Isaac Felton, Chatham Apprentice Program Manager

How the Poor Can Save Capitalism: Rebuilding the Path to the Middle Class

John Hope Bryant, successful self-made businessman and founder of the nonprofit Operation HOPE, says business and political leaders are ignoring the one force that could truly re-energize the stalled American economy: the poor. If we give poor communities the right tools, policies, and inspiration, he argues, they will be able to lift themselves up into the middle class and become a new generation of customers and entrepreneurs.

Bryant radically redefines the meaning of poverty and wealth. (It’s not just a question of finances; it’s values too.) He exposes why attempts to aid the poor so far have fallen short and offers a way forward: the HOPE Plan, a series of straightforward, actionable steps to build financial literacy and expand opportunity so that the poor can join the middle class.

Carole Fireall, Office Administrator & NLA Coordinator

The Essence of Leadership

The Essence of Leadership is book three in this image driven, inspirational, motivational series. In Mac’s first two books, the focus was on what it takes to obtain true success in life and how to achieve the right kind of attitude. Both previous books used inspirational stories and described the importance of how to achieve personal progress through character traits and godly living-all of this reinforced by the power of inspiring and striking imagery. In The Essence of Leadership, Mac takes a similar approach to direct readers to achieve personal success through integrity, ethics, loyalty, persistence, faith matters, and many more character traits that form the leader within a person.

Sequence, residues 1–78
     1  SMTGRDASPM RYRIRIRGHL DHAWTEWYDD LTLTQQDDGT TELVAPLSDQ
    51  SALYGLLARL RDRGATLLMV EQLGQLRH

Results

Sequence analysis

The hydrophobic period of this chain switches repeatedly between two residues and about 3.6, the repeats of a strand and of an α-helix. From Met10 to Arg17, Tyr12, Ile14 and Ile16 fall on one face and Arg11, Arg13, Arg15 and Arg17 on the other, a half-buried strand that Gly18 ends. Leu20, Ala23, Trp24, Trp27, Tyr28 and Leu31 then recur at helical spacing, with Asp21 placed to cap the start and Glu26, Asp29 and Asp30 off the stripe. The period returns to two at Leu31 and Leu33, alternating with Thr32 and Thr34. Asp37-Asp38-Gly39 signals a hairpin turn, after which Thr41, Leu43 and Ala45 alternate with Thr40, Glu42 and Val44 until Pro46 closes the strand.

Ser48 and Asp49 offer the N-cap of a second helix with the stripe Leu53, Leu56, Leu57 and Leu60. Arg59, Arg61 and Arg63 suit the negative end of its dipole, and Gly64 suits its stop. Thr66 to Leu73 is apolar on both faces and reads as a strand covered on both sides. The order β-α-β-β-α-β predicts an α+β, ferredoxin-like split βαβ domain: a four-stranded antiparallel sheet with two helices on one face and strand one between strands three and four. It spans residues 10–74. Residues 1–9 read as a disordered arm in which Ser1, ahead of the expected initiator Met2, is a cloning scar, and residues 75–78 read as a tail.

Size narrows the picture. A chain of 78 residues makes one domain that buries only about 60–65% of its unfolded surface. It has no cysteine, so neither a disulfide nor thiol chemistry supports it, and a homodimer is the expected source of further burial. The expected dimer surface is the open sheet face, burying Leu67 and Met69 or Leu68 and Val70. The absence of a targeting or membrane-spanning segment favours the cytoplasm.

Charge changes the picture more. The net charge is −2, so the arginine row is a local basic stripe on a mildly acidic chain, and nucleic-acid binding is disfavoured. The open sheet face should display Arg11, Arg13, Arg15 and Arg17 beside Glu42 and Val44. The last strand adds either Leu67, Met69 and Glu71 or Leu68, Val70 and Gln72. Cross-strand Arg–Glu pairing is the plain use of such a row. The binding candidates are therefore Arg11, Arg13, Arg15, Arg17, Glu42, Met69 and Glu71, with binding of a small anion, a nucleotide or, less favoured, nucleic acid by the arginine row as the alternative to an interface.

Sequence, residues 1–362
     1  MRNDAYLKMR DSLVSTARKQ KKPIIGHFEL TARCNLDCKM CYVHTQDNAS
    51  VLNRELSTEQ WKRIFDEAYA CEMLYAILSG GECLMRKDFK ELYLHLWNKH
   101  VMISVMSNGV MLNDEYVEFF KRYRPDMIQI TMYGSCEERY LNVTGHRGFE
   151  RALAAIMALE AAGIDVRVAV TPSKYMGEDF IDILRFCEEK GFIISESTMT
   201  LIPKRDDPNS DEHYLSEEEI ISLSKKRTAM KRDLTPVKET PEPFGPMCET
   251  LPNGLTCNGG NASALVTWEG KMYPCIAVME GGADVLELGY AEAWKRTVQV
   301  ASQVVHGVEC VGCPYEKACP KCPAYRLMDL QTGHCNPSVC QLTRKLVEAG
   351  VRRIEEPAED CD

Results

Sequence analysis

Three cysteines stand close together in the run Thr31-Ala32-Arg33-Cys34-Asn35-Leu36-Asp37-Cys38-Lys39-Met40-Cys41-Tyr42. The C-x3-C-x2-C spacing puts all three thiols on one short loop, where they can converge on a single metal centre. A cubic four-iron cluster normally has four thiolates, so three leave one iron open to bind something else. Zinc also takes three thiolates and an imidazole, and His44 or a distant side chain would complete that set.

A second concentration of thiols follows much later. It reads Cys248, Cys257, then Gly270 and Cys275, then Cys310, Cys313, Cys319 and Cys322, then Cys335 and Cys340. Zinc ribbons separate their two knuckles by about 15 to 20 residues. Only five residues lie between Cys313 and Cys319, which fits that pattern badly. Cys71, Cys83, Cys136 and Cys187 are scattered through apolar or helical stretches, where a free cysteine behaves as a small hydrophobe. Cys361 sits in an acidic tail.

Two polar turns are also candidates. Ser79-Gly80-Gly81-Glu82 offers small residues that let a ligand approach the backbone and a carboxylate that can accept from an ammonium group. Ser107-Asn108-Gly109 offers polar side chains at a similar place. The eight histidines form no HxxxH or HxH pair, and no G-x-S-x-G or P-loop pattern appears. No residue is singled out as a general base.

Nate Saraceno, Graphic Designer

Ghettoside: A True Story of Murder in America

Here is the kaleidoscopic story of the quintessential, but mostly ignored, American murder—a “ghettoside” killing, one young black man slaying another—and a brilliant and driven cadre of detectives whose creed is to pursue justice for forgotten victims at all costs. Ghettoside is a fast-paced narrative of a devastating crime, an intimate portrait of detectives and a community bonded in tragedy, and a surprising new lens into the great subject of why murder happens in our cities—and how the epidemic of killings might yet be stopped.

Jen Singeisen, Executive Director

Teaching With Poverty in Mind: What Being Poor Does to Kids’ Brains and What Schools Can Do About It

In Teaching with Poverty in Mind: What Being Poor Does to Kids’ Brains and What Schools Can Do About It, veteran educator and brain expert Eric Jensen takes an unflinching look at how poverty hurts children, families, and communities across the United States and demonstrates how schools can improve the academic achievement and life readiness of economically disadvantaged students.

Jensen argues that although chronic exposure to poverty can result in detrimental changes to the brain, the brain’s very ability to adapt from experience means that poor children can also experience emotional, social, and academic success. A brain that is susceptible to adverse environmental effects is equally susceptible to the positive effects of rich, balanced learning environments and caring relationships that build students’ resilience, self-esteem, and character.

Robyn Wainner, Director of Wealth Building